Our ancestors didn’t need much to survive. With a good piece of land and a little backwoods know-how, they managed to live a fulfilling life. Today, picking the right piece of land for an off-grid home is not so easy. There are many things we should consider before making this step.
Having an off-grid home is a desire for many preppers. The reasons to own such propriety vary from person to person. Some prefer to have a bug out location that will improve their survival rate while others prefer to have a safe haven The kind of place where they don’t have to face the current “rotten” society.
Owning land in the middle of nowhere, or somewhere isolated enough, will ensure you have a safe destination to evacuate to in an emergency. It will provide an ideal place to build a new life. One that is not chained to the modern technology. Having an off-grid home will serve as a rallying point for your family to reunite or a place to set up your underground bunker.
Selecting a great rural location for your off-grid home begins by determining the distance you think you will be able to travel when an unpleasant event will occur. You could start by drawing an arc on a map with the distance you seem fit. Your search will shortly begin after that.
Determining land ownership for your future off-grid home
You must know by now that all real estate has an owner. It may be owned by someone or owned by the government. The propriety you will find in private ownership will tend to be urbanized in some form. It can be a cabin in the woods with 20 miles from a paved road. However, property owned by governmental agencies (such as utility district, city, county or state government) will most likely be rural.
You might think that just because the propriety is owned by the government it cannot be purchased or leased. However, that’s not the case. Today, you can even obtain a leasehold interest in a state and federal property, even in a national or state forest. You just need to do your homework.
If you go for the real rural proprieties for your future off-grid home, you must know that most of these proprieties are located in unincorporated areas. This means they are outside of a city’s jurisdiction and therefore only subject to development rules of the county or state. The county building and rural development rules tend to be much less restrictive than those of an urbanized environment.
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If you found a perfect piece of land for your future off-grid home, it is time to determine the ownership of the land. You can use your smartphone or a geodetic map, to determine the exact longitude and latitude of the property. If the propriety has an actual address, it’s even easier. You will need to present one of the two (or both) to your local title insurance company. This is a required step. Title insurance companies have access to the historical ownership data of every property in this country.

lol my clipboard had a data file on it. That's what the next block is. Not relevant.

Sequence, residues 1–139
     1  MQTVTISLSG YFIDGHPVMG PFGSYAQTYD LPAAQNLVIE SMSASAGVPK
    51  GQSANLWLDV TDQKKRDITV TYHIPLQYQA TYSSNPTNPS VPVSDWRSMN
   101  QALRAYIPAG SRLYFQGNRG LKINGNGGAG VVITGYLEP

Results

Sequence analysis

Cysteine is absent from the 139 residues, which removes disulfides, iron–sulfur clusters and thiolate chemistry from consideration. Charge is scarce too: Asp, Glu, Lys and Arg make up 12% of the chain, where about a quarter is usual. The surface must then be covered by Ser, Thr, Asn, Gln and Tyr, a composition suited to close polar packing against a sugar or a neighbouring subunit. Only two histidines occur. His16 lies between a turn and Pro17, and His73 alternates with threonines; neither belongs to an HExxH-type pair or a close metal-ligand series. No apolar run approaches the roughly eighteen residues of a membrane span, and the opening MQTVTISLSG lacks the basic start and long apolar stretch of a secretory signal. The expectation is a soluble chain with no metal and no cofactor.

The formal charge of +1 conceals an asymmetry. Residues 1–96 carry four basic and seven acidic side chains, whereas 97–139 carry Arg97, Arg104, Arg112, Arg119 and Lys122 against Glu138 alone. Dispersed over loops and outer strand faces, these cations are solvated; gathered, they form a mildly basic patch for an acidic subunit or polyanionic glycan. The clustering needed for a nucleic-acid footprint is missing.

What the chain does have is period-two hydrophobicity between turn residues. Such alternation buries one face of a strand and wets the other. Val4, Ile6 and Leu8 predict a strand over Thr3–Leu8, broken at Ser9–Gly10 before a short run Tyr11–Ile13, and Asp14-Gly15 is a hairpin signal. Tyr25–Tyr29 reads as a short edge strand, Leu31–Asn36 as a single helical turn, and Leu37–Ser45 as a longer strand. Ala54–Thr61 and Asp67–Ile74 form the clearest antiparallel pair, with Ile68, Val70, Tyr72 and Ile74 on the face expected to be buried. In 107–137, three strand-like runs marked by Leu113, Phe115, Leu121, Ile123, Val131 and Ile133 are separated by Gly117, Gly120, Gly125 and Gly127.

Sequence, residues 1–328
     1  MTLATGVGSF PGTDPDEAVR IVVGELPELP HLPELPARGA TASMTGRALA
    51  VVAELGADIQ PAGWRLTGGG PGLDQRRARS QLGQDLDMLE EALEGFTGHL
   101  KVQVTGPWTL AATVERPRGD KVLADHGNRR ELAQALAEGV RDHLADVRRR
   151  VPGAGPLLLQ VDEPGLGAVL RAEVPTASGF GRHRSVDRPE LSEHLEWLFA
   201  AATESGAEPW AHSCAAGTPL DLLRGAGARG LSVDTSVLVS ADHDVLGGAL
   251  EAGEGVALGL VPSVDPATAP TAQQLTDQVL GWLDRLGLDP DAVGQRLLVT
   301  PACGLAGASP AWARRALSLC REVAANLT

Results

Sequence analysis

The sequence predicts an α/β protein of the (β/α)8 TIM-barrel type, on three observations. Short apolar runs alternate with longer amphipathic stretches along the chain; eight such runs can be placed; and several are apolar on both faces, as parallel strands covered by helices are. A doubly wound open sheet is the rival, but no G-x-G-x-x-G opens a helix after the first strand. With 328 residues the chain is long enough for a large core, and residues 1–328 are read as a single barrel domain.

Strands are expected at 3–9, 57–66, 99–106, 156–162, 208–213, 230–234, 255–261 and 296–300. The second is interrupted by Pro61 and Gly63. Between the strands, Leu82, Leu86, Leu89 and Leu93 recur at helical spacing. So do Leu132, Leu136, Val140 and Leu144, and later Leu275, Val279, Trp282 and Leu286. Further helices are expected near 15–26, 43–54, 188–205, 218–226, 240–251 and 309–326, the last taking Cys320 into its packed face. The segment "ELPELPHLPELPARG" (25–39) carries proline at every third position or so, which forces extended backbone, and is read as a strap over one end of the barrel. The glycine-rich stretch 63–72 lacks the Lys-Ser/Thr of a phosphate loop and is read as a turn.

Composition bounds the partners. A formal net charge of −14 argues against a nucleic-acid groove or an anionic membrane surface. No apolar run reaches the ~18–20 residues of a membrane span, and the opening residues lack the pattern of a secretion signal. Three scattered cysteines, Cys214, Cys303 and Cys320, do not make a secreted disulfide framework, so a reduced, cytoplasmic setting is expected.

Basically, you can even check on proprieties in other states. All from your local title insurance company since they have nationwide data search capabilities. They have records dating back hundreds of years. They even have photos for some of the proprieties. You will need to pay a fee to get all this info, but you will end up with what is of interest for you:
- name and contact information for the property owner
- existing taxes
- recorded easements
- guaranteed access rights
- and more importantly water rights
Make sure you have the right to access the property and build on it your off-grid home as you desire. You will also need to check if anyone else has any rights on your property before you acquire it. Things such as underground pipe easements and rights to access adjacent properties.
Building regulation for your off-grid home
The zoning of the governmental jurisdiction dictates the ability to build on the property. The rural properties you are after will most likely be governed by a county or parish. This depends on the location you’ve selected. The zoning and development standards for the property you desire can be found online in most cases. You can do so by contacting the governmental jurisdiction. You will find out about the minimum parcel size, maximum building height, and other important regulations.
You will also discover if you need permits. Permits for tree removal, stream alteration, habitat modification and other actions that may impact your ability to build. It is better to know about all of this, even if later on it won’t matter or you chose to ignore them.